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View Full Version : Car Remotes Running Out of Energy.


Jim B.
02-24-2010, 07:55 PM
My father and I have two cars and two small car remote controls. One car is a couple of years old. One is about 10 years old. And both remotes still work fine. Furthermore, there is no place on the remote to insert new batteries, naturally.

How do car (and other similiar) remotes never run out of energy? As I've said, these are the kind of remotes that don't take batteries or recharge.

Thank you in advance to all who reply:)

Airman Doors, USAF
02-24-2010, 07:58 PM
There's got to be a battery. These things cannot just emit a signal by themselves.

What kind of car is this thing for, by the way?

Jim B.
02-24-2010, 08:16 PM
There's got to be a battery. These things cannot just emit a signal by themselves.

What kind of car is this thing for, by the way?
I wasn't planning on telling the make of the cars. But FYI, one is a 2000 Malibu and one is a 2007 Impala.

BTW, I don't know if this is helpful. But actually when I was a kid, I did have something that didn't require a battery. It was a keychain light. Solar lights were all the rage back then. But the maker (I got it mail order) claimed it absorbed radio waves or something directly from the air. Anyways, I didn't use it enough or something, and it stopped working so I threw it out. It may have nothing to do with my post, but I thought it is an interesting story to answer your post about things always needing a battery:).

awldune
02-24-2010, 08:21 PM
There absolutely is a battery. The key remote is very tightly fitted together and might require a special tool to open and replace the battery. Dealerships will usually do this for free.

Airman Doors, USAF
02-24-2010, 08:25 PM
OK.

They both take batteries. Somehow the batteries have held up, or they've been changed and you didn't know it.

The remotes open by prying the top and bottom apart with a coin or a knife. I guarantee you'll find a battery in there.

HorseloverFat
02-24-2010, 08:42 PM
Just because theres no obvious battery slot doesnt mean there isnt one or way to replace it. On my model there's a slot you put a coin into to pry open. I suspect yours has something similiar.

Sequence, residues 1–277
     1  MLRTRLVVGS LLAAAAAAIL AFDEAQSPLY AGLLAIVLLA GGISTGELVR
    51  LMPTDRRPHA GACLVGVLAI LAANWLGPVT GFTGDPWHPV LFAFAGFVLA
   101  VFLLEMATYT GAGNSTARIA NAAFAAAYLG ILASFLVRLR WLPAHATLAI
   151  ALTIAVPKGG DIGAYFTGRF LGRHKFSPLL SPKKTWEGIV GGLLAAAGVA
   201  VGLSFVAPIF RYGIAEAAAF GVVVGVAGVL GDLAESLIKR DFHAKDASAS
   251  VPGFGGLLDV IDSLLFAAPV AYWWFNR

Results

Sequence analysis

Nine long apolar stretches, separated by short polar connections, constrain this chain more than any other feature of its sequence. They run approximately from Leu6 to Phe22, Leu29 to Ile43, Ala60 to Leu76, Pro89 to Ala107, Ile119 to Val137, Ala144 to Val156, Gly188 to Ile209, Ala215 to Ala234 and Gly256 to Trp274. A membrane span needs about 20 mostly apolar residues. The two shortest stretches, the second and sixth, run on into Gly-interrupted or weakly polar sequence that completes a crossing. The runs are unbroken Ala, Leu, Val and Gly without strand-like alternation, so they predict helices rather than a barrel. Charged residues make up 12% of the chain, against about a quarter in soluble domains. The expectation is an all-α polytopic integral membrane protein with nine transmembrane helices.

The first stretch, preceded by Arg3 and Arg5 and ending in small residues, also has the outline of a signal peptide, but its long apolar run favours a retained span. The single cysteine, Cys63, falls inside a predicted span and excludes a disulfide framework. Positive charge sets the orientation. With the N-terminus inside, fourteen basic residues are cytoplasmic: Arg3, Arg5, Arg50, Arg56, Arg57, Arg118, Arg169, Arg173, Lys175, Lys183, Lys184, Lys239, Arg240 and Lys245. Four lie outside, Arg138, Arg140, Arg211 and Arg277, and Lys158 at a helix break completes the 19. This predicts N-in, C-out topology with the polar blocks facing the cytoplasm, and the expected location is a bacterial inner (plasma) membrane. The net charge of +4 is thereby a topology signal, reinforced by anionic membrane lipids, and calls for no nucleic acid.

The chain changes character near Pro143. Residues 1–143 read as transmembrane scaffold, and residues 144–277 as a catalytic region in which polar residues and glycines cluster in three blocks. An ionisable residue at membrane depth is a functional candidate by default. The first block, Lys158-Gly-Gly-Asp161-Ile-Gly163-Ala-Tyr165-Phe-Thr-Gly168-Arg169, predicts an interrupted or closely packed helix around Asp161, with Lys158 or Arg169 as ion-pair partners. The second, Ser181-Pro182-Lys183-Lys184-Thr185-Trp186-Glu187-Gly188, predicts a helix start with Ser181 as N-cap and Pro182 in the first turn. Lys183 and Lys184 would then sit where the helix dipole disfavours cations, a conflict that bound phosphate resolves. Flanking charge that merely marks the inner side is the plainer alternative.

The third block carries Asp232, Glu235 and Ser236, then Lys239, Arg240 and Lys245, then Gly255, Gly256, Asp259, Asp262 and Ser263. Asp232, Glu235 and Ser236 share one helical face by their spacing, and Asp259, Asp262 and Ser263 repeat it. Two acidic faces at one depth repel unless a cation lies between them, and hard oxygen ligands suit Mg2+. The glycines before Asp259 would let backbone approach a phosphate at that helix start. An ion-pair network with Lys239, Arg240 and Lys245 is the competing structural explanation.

Dallas Jones
02-24-2010, 10:13 PM
The 2000 Malibu remote in this picture looks just like the one for my Pontiac, also GM.

http://www.carandtruckremotes.com/chevrolet-remotes-malibu-remotes.html?


Look at the end where the key ring hole is and you should see a small slot, about 3/8" long, to stick a screwdriver, coin or similar object to pop it open.

LouisB
02-24-2010, 10:31 PM
Most of those Malibu remotes are down right mean looking.

Terry Kennedy
02-25-2010, 12:06 AM
How do car (and other similiar) remotes never run out of energy? As I've said, these are the kind of remotes that don't take batteries or recharge.
For my BMW remotes, there is a rechargable battery sealed inside the head of the key / remote. There's a coil around the ignition key cylinder that recharges the battery when it is in the car, similar to the way contactless toothbrush / shaver chargers work.

hibernicus
02-25-2010, 04:21 AM
I recently changed the batteries in my car keys. The car is 11 years old and it was the first time they needed to be changed. They are not rechargable like the ones described by Terry Kennedy - they are CR2032 coin-shaped lithium batteries. All 3 keys stopped working over a period of around a year. So while it is amazing that batteries could last so long, your experience is not unique.

In this particular case, the battery change was completely straightforward - I had been worried that the keys would have to be expensively reprogrammed after replacing the battery, but no, they still worked.

Airman Doors, USAF
02-25-2010, 07:29 AM
In this particular case, the battery change was completely straightforward - I had been worried that the keys would have to be expensively reprogrammed after replacing the battery, but no, they still worked.

The car is set to the fob, not vice versa.

ZenBeam
02-25-2010, 07:36 AM
BTW, I don't know if this is helpful. But actually when I was a kid, I did have something that didn't require a battery. It was a keychain light. Solar lights were all the rage back then. But the maker (I got it mail order) claimed it absorbed radio waves or something directly from the air. Anyways, I didn't use it enough or something, and it stopped working so I threw it out. It may have nothing to do with my post, but I thought it is an interesting story to answer your post about things always needing a battery:).It's entirely possible that the "absorbing radio waves" bit was hype, and it did have a battery. And it stopped working because the battery ran out.

Jeep's Phoenix
02-25-2010, 06:39 PM
My '97 Grand Cherokee remote has a seam around the edge; if you drop the keychain just right, the remote pops open and the little coin batteries (two of them) roll or bounce under the furniture or down the nearest drain. Fortunately, the two halves of the remote are connected by the keyring. The '09 Grand's remote has a little panel on the back that you could pop open with a screwdriver.

Zulema
02-26-2010, 10:00 AM
It depends on usage. I had my last van (GM) for 10 years and replaced the battery three times. By the time I sold it I had to practically be touching the car with the remote to have it work. My husband had his truck (Dodge) for 13 years and replaced the battery once. His was a drive-to-work vehicle and mine was the family vehicle so the remote was used at least four or five times more often.